Meet BPT Companion Course
Graduate Stephanie Stone Horton


 BPT: How many BPT Companion Clinics have you attended?

Stephanie: This is my fourth.

 BPT:  Why do you come to the BPT Companion Clinics?

Stephanie: I come every year for refresher training — for, you know, the worst case scenario. God forbid something should happen to my pilot-in-command and then I would suddenly become pilot-in-command. So, I want to be confident that I could handle the emergency and get us down safely.

 BPT: Do you feel like you’re capable of that, based on the training you receive at BPT?

Stephanie: Yes. Every time I leave here, it gives me a big boost of confidence.

 BPT: That’s good. What are some of the most helpful things you’ve learned from the Clinic?

Stephanie:  Oh goodness!  There are so many in the ground school section. They keep very focused on what you need to do to accomplish the task of getting the plane down safely. They don’t provide a lot of extraneous detail. They focus on emergency things such as if you have a pilot who is incapacitated and unconscious, how to crank the seat, his seat back and put your purse over the forehead to keep his body from interfering with the controls. That’s a very important thing to do first. They help you prioritize for everything and how to communicate your situation. Then when I go up with the instructor, we can go through all these things and he takes me through landings, and so all comes together for me.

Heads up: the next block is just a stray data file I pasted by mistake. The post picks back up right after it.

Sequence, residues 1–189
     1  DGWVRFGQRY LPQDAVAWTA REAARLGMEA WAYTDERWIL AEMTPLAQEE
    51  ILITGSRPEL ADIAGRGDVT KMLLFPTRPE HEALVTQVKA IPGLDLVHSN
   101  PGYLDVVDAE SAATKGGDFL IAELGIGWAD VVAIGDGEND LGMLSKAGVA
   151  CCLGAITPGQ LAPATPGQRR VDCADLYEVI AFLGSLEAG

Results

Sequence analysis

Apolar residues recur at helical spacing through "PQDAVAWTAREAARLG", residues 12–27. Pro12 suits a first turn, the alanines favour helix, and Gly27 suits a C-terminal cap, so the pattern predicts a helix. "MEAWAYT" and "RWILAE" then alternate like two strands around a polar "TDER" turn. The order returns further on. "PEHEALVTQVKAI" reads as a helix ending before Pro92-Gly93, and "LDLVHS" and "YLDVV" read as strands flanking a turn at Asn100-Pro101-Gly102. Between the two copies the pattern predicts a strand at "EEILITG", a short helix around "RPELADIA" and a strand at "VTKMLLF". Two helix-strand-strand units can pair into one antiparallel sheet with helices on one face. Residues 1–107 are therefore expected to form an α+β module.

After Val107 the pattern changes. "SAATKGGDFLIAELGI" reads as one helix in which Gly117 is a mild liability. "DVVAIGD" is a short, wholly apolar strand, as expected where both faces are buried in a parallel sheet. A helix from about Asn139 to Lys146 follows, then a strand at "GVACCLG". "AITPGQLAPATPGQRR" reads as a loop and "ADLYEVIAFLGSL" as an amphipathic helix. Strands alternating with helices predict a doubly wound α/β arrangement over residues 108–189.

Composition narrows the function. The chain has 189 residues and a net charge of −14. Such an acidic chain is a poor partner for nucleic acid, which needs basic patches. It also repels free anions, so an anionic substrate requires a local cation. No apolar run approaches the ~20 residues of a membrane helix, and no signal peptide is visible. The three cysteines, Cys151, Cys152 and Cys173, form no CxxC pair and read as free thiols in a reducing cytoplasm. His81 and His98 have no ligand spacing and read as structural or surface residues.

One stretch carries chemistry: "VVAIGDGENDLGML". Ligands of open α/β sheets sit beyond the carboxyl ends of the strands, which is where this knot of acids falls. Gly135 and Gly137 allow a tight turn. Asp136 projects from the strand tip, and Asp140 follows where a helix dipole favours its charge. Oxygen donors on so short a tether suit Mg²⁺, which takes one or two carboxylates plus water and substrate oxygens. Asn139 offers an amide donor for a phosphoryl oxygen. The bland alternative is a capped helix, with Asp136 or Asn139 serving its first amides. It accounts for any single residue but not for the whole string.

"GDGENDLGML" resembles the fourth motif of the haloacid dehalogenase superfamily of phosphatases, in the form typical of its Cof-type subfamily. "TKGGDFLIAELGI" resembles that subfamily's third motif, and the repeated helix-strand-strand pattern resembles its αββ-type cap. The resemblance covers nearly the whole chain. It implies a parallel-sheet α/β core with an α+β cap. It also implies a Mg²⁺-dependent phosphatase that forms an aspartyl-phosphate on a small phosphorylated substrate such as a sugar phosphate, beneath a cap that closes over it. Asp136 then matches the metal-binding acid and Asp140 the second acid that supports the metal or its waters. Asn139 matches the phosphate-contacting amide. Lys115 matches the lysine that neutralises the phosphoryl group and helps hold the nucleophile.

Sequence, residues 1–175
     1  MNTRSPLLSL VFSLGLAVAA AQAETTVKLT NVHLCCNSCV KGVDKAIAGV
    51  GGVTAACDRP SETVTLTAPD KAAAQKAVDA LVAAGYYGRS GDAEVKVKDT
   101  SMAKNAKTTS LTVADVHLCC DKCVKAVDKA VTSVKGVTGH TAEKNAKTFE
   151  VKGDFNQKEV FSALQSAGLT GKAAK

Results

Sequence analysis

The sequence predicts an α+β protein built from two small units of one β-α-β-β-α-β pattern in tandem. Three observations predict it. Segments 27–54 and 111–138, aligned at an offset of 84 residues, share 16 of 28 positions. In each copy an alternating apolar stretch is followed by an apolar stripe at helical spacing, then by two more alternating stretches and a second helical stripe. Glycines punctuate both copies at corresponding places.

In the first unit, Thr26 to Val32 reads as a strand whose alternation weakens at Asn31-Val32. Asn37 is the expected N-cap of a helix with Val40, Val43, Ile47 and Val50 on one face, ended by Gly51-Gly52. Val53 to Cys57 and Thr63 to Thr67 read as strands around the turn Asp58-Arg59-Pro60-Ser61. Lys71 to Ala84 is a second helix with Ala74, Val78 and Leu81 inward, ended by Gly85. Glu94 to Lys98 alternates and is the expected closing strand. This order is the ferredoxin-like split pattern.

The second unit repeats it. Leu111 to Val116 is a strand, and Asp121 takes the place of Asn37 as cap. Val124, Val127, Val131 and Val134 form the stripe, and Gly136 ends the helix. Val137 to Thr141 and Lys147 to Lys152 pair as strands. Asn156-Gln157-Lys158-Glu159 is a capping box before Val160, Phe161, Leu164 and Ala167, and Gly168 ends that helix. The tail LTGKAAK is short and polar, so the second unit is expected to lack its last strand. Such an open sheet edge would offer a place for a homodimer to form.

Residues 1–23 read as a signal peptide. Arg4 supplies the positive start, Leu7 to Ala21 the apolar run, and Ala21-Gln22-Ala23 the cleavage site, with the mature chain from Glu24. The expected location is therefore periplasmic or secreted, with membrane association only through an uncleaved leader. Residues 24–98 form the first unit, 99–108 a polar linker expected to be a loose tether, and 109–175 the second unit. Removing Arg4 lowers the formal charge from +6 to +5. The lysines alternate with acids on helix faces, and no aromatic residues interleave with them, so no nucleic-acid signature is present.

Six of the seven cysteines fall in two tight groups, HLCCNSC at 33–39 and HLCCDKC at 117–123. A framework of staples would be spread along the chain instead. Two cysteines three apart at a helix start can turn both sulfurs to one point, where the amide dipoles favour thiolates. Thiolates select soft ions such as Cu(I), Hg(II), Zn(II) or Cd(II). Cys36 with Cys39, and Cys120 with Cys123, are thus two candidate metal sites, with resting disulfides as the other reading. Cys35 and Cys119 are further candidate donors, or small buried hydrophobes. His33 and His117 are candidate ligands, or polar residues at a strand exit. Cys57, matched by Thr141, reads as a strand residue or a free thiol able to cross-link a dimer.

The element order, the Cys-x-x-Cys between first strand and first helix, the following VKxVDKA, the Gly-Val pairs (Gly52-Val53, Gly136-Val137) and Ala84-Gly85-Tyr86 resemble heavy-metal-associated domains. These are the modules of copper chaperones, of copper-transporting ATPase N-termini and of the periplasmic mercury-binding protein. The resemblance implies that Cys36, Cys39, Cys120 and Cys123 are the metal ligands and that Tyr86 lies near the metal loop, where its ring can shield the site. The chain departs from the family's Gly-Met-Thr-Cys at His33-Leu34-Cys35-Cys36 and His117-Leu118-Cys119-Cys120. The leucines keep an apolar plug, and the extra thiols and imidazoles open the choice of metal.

BPT:  How do you feel about the quality of the BPT instructors?

Stephanie: They’re always top, top rate. They’re so good and they’re so highly experienced. John Andrick, my flight instructor and ground school instructor, works in the Air Traffic Control System. He’s so knowledgeable, yet he can translate things into something that makes sense for the non-pilot.